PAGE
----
The World's Greatest Spokesperson in the World!
The World’s Greatest Spokesperson in the World
When I first saw this commercial, I got a bit excited. I liked the build-up and I thought it was hilarious that this “person” fled society and chose to live in the wilderness. As soon as I saw him, I braced myself for a good laugh. I was ready to give praise about how “genius” this idea was. “You’re the best I’ve ever seen! The best… anyone… has ever… seen!” (Great line!) And then I thought, “This caveman looks a bit different. He’s missing a brow ridge.” He walked like a duck and talked like a duck, but he wasn’t a duck after all. Next I find out that it’s a commercial for Nationwide Insurance. Huh!?
I thought it was Geico all the way. They even showed a photo of The World’s Greatest Spokesperson in the World (Great title!) and I thought he was supposed to be a cleaned up caveman. Wow! Nationwide might be doing itself a disservice with this ad. People already associate Geico with top-notch spots. Now maybe it’s my own ignorance at play here. Maybe I’m just not aware of this “character.” If I were working for Geico I would think “Hey, this is great. We’re getting a free ride!” The premise of the caveman is that he’s always offended by Geico’s commercials. He’s actually quite sophisticated, but Geico still positions him as primitive so he gets an attitude and walks off. I thought it was brilliant for Geico to imply that the caveman quit for good and that the execs are begging him to come back, but that just wasn’t the case.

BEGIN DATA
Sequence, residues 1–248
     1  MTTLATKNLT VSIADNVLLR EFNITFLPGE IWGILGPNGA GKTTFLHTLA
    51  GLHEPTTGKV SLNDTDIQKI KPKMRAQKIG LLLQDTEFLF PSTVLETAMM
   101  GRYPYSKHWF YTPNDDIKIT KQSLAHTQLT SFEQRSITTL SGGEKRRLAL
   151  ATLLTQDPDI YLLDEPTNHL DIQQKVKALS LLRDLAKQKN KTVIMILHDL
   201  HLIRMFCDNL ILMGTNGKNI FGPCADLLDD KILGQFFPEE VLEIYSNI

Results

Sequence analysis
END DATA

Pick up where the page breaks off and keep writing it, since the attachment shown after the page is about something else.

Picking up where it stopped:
While the title is cool I just think it belongs to someone else. There’s an untold power in the ability to name things. It may not have been framed in this context, but if someone asked me who the greatest character in all of advertising was prior to seeing this commercial still it would have been the caveman. Hands down! There is actually another character who I think is the best, but I rarely see ads for his product so I’m not going to count him. I’ll be doing a separate post on “The Most Interesting Man in the World.” All of this seems pretty critical, but it’s only because Nationwide has shown that Geico doesn’t have the market cornered on top-notch concepts.
Can I vote for the Marlboro Man? The man doesn’t even speak (that may be grounds for disqualification) but he communicates Marlboro’s message well. The only time he opens his lips is to light another cig. And he doesn’t even sell cigarettes… He sells cool.
After his creation in 1955, Marlboro sales increased from $5 billion to $20 billion, in just two years! He may be controversial, but he’s a cold-blooded spokesperson.
(I’m not a smoker, btw.)